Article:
Yes, that is right.
On Mon, Sep 23, 2013 at 9:04 PM, Steve Lewis <[EMAIL PROTECTED]> wrote:
> Thank you for your thorough answer
> The last question is essentially this - while I can write a custom input
> format to handle things like hyphens I
> could do almost the same thing in the mapper by saving any hyphenated words
> from the last line (ignoring hyphenated words that
> cross a split boundary) as long as LineRecordReader guarantees that each
> line in the split is sent to the same mapper in the order read.
> This seems to be the case - right?
> On Mon, Sep 23, 2013 at 4:30 AM, Harsh J <[EMAIL PROTECTED]> wrote:
>> (I'm assuming 1.0~ MR here)
>> On Sun, Sep 22, 2013 at 1:00 AM, Steve Lewis <[EMAIL PROTECTED]>
>> > Classes implementing InputFormat implement
>> > public List<InputSplit> getSplits(JobContext job) which a List if
>> > InputSplits. for FileInputFormat the Splits have Path.start and End
>> > 1) When is this method called and on which JVM on Which Machine and is
>> > it
>> > called only once?
>> Called only at a client, i.e. your "hadoop jar" JVM. Called only once.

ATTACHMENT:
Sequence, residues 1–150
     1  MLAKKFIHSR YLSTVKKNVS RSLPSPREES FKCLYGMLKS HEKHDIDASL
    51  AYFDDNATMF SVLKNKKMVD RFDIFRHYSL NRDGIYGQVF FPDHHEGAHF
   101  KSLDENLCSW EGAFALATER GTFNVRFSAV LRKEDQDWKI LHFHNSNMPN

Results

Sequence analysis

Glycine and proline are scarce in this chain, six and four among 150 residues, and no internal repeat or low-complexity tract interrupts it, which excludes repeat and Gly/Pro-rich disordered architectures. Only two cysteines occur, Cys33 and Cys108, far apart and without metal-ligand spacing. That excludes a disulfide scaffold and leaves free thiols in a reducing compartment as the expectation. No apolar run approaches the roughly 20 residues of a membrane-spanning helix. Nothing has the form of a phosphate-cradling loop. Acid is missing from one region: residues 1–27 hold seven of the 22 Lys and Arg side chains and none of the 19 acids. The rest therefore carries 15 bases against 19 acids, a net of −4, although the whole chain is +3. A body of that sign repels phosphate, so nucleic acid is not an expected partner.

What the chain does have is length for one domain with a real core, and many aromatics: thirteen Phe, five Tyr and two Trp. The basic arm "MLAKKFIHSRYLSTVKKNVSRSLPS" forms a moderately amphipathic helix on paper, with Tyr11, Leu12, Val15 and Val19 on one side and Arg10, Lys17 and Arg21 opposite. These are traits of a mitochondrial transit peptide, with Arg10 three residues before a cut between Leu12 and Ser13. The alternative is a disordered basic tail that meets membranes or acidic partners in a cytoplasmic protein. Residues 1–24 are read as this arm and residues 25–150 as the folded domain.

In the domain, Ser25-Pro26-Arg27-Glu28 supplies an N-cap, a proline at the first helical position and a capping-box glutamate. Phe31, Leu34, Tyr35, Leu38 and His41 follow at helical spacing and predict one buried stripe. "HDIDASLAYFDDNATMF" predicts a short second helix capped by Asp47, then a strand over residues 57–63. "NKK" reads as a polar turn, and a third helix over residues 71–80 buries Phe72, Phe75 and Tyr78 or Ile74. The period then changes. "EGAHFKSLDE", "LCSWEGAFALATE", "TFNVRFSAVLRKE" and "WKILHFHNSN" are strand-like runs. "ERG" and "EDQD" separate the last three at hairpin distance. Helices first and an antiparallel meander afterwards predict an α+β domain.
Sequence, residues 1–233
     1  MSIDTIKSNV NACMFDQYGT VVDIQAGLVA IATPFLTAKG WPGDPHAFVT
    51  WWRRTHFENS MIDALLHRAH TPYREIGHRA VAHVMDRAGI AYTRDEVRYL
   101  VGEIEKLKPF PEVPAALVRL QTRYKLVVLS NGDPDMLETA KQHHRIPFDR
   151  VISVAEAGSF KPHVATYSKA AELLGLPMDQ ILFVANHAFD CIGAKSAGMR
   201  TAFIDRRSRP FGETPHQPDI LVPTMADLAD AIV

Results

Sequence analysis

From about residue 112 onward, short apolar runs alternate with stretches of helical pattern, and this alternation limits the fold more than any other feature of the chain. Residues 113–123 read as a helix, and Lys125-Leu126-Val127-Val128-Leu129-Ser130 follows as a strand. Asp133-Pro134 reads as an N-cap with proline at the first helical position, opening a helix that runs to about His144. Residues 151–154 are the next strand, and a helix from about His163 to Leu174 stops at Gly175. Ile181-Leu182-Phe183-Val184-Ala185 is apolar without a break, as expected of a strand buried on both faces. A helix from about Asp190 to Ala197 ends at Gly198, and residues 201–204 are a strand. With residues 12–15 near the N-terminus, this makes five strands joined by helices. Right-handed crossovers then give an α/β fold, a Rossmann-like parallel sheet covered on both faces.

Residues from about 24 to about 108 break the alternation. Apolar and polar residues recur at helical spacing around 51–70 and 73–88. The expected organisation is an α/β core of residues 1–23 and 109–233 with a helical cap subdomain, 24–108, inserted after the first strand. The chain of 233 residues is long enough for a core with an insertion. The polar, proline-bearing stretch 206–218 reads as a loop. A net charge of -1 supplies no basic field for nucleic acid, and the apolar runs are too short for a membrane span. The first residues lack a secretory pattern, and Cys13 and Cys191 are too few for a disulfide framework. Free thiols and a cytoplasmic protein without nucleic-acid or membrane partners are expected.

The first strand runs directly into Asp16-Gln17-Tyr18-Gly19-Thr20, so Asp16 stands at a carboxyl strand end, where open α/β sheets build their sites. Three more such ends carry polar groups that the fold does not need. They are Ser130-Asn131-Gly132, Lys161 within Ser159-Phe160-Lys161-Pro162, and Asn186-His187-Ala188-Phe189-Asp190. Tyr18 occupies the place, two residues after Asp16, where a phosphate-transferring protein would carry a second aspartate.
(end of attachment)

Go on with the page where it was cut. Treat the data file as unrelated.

>> > 2) Do the number of Map task correspond to the number of splits returned
>> > by
>> > getSplits?
>> Yes, number of split objects == number of mappers.
>> > 3) InputFormat implements a method
>> > RecordReader<K,V> createRecordReader(InputSplit
>> > split,TaskAttemptContext
>> > context ). Is this executed within the JVM of the Mapper on the slave
>> > machine and does the RecordReader run within that JVM
>> RecordReaders are not created on the client side JVM. RecordReaders
>> are created on the Map task JVMs, and run inside it.
>> > 4) The default RecordReaders read a file from the start position to the
>> > end
>> > position emitting values in the order read. With such a reader, assume
>> > it is
>> > reading lines of text, is it reasonable to assume that the values the
>> > mapper
>> > received are in the same order they were found in a file? Would it, for
>> > example, be possible for WordCount to see a word that was hyphen-
>> > ated at the end of one line and append the first word of the next line
>> > it
>> > sees (ignoring the case where the word is at the end of a split)
>> If you speak of the LineRecordReader, each map() will simply read a
>> line, i.e. until \n. It is not language-aware to understand meaning of
>> hyphens, etc..
>> You can implement a custom reader to do this however - there should be
>> no problems so long as your logic covers the case of not having any
>> duplicate reads across multiple maps.
>> Harsh J
> Steven M. Lewis PhD
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